It is so close that it metaphorically stands right in front of your door already.

December 6, 2017

https://www.duolingo.com/zekecoma

Why doesn't it accept Xmas? It's another synonym for Christmas.

February 13, 2018

https://www.duolingo.com/J.C.Fink

Many persons do use Xmas as an abbreviation for Christmas in writing, although - in my experience - very rarely in speech.

May 9, 2019

https://www.duolingo.com/MichaelHun729358

Is there any reason the English idioms that are exactly the same aren't accepted?

March 28, 2018

https://www.duolingo.com/tlear0412

"Christmas is almost around the corner" is marked as wrong, please add this correct answer to your database, and thank you in advance for fixing your mistake.

February 10, 2018

https://www.duolingo.com/zekecoma

It would be better to say "Christmas is around the corner." Around the corner means almost.

February 13, 2018

https://www.duolingo.com/Tor_Heyerdal

I put "Christmas stands before the door". Which, while sounding a little bit posh and haughty, and perhaps a little clunky, and maybe a bit dramatic, is still technically correct, and completely acceptable English. I've reported it. October 5, 2015.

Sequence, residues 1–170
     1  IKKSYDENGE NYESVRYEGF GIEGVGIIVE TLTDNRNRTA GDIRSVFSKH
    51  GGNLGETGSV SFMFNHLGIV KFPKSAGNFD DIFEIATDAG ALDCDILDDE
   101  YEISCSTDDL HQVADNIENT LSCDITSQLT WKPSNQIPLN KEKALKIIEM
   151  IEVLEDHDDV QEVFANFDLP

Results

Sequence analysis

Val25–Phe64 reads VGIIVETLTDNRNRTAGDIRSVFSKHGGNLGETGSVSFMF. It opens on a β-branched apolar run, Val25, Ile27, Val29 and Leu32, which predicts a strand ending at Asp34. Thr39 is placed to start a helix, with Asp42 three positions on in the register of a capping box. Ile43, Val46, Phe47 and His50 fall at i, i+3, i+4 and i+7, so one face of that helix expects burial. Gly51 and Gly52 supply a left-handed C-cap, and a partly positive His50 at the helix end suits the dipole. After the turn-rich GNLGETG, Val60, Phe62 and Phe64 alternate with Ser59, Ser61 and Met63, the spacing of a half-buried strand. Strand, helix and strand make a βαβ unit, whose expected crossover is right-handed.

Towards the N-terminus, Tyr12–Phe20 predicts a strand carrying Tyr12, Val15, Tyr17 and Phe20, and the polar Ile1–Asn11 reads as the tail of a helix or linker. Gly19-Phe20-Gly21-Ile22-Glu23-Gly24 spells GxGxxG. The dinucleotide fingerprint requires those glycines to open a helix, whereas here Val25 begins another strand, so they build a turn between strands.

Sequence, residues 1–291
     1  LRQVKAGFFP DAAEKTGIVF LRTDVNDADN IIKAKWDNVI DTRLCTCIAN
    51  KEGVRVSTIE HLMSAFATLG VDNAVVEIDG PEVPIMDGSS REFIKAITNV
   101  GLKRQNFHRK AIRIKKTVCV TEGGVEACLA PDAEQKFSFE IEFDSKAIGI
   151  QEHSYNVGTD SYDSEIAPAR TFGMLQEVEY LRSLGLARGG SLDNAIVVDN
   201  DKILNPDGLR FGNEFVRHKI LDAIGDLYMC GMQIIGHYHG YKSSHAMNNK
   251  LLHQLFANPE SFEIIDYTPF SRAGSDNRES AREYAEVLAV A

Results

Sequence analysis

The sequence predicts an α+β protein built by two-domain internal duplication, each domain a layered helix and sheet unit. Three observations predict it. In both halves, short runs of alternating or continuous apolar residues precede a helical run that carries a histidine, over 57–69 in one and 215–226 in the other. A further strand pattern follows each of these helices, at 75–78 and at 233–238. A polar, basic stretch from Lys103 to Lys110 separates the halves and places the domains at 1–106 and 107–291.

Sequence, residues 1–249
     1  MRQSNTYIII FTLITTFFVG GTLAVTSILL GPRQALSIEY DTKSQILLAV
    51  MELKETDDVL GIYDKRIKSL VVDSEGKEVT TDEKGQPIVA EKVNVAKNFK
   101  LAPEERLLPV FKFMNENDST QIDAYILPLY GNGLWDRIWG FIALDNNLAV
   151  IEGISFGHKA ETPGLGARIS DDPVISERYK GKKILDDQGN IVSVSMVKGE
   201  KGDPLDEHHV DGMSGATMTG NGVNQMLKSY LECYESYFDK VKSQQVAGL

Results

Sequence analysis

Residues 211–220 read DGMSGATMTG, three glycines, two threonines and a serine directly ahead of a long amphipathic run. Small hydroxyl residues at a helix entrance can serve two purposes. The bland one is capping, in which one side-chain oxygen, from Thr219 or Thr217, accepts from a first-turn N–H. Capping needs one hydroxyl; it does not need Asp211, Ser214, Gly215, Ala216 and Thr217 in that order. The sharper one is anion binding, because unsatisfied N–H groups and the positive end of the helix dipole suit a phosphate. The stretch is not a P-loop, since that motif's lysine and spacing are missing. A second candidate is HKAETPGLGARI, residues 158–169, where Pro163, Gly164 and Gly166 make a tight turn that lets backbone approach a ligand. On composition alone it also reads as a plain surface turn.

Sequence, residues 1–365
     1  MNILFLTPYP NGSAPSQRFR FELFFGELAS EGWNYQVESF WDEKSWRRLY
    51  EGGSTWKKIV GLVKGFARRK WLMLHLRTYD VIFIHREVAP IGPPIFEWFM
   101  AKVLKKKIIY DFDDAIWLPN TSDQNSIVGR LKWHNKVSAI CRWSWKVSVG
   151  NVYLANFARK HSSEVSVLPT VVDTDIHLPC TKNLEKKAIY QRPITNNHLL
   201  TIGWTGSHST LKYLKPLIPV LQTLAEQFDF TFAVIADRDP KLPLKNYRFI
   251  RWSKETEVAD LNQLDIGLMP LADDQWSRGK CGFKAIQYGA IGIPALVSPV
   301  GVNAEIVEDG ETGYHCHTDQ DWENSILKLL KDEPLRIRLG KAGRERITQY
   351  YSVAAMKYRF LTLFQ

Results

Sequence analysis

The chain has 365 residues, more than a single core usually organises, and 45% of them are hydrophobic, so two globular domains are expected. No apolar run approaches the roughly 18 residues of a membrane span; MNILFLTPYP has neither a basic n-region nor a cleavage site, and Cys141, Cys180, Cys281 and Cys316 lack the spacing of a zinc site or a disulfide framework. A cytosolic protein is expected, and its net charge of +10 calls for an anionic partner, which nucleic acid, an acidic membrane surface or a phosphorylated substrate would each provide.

October 5, 2015

https://www.duolingo.com/JMBarrett52

Well good for you!! Hopefully they'll fix it. :)

January 30, 2016

https://www.duolingo.com/treyblake

"Christmas stays for the tour." ??

May 12, 2017

https://www.duolingo.com/alexandra-98

what about chritmas is on doors

August 11, 2014

https://www.duolingo.com/dunk999

That's not really proper English. We would say "Christmas is at the door", but you should see the post above for some English approximations of this German idiom.

September 6, 2014

https://www.duolingo.com/dunk999

By Hohenems.

September 6, 2014